Florida's Marco Rubio said, "I don't think there's the scientific evidence to justify it."
Wisconsin's Ron Johnson said, "I absolutely do not believe that the science of man-caused climate change is proven. Not by any stretch of the imagination."
He said that trying to address climate change was a "fool's errand."
Out of 20 Republican Senate candidates in tough races, only one stands publicly with the established science on climate change – Illinois' Mark Kirk.
Only two years ago, some Republican senators accepted the science of climate change and supported legislation to reduce greenhouse-gas emissions, including McCain and Virginia's John Warner.
"I choose not to debate the science. I accept the fact that we as a country and we as a world need to address this issue," said Tennessee's Bob Corker.
Just last year, South Carolina Sen. Lindsey Graham supported a climate change bill.
"[W]e agree that climate change is real and threatens our economy and national security. That is why we are advocating aggressive reductions in our emissions of the carbon gases that cause climate change," wrote Graham with Sen. John Kerry (D- Mass.).
"We know that sending nearly $800 million a day to sometimes-hostile oil-producing countries threatens our security. In the same way, many scientists warn that failing to reduce greenhouse gas emissions will lead to global instability and poverty that could put our nation at risk," they wrote in an op-ed column.
Disbelief in the science of climate change within the Republican Party is not new – Oklahoma's James Inhofe being the most extreme example.
Nor is it new that Republican senators have been attacked for wanting governmental action to address global warming – as McCain was by James Dobson in 2008.
What appears to be new is that the denial of global warming and the rejection of established science have become litmus tests for the election of Republican senators.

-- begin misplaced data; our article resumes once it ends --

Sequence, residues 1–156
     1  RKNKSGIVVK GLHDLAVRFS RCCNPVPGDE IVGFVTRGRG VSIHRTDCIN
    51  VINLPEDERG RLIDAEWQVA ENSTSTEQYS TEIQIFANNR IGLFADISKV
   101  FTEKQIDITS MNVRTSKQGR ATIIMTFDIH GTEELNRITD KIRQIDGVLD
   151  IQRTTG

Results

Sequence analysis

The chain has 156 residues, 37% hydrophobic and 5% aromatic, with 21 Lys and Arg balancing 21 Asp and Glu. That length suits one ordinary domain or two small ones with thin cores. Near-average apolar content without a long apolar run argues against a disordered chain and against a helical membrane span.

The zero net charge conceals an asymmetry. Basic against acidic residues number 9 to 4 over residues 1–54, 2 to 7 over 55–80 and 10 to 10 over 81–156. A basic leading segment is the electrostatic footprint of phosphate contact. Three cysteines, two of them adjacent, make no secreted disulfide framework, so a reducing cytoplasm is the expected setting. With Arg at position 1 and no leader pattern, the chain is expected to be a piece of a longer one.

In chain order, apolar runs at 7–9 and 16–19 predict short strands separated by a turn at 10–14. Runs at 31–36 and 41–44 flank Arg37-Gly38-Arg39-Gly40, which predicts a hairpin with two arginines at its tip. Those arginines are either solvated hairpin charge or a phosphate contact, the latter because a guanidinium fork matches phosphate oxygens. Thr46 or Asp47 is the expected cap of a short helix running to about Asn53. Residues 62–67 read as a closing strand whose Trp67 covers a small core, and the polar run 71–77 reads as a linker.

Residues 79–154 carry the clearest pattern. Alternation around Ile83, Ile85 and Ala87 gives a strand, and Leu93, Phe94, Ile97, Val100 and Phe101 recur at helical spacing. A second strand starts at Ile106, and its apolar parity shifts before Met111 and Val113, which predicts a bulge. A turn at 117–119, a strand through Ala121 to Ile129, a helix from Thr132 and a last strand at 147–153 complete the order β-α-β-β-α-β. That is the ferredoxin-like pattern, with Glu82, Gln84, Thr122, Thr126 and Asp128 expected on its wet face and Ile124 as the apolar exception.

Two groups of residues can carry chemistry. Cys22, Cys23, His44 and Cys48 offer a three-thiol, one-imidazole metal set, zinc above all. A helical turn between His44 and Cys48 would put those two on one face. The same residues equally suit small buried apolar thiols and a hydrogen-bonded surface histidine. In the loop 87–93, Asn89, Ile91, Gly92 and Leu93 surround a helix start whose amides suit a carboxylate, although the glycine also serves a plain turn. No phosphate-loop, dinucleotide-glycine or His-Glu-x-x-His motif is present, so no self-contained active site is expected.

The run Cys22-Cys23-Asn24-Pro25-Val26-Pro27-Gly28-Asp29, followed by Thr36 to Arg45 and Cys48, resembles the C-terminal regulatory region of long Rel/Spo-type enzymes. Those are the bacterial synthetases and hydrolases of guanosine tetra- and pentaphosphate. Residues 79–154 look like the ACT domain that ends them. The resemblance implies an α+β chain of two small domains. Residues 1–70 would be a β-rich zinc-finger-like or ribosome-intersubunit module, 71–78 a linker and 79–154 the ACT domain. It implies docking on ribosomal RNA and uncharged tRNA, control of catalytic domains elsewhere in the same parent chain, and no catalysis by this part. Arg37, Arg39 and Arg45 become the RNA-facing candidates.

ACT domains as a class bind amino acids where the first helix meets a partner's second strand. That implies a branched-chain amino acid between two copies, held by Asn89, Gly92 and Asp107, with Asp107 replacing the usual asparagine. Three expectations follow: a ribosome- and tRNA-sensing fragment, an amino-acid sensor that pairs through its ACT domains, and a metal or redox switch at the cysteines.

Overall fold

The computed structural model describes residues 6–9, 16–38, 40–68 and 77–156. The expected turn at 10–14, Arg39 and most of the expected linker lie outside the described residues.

Surely, not all of those on November ballots really believe what they've said. Surely, some will back away from what they have said if they are elected.
Here's the rub, however. Part of being a leader is speaking truth despite opposition to it. Real leaders don't have to play to the crowd – in this case the toxic blend of angry Tea Partiers and corporate interests opposed to regulation to protect the environment.
The biblical witness warns about playing to the crowd and how the crowd hungers for the easy way.
Paul warned about those who had "itching ears" and wandered "away to myths" (2 Timothy 4:3-4). Jesus noted that "no prophet is accepted in the prophet's hometown" (Luke 4:24). The prophet Isaiah spoke of faithless people who said, "Do not prophesy to us what is right; speak to us smooth things, prophesy illusions" (Isaiah 30:10).
We are now witnessing 19 Republican Senate candidates who are telling Tea Partiers and special interests what they want to hear. They are not speaking right; they are speaking smooth words of ideological acceptability.
And that's a failure of leadership.
Robert Parham is executive editor of EthicsDaily.com and executive director of its parent organization, the Baptist Center for Ethics.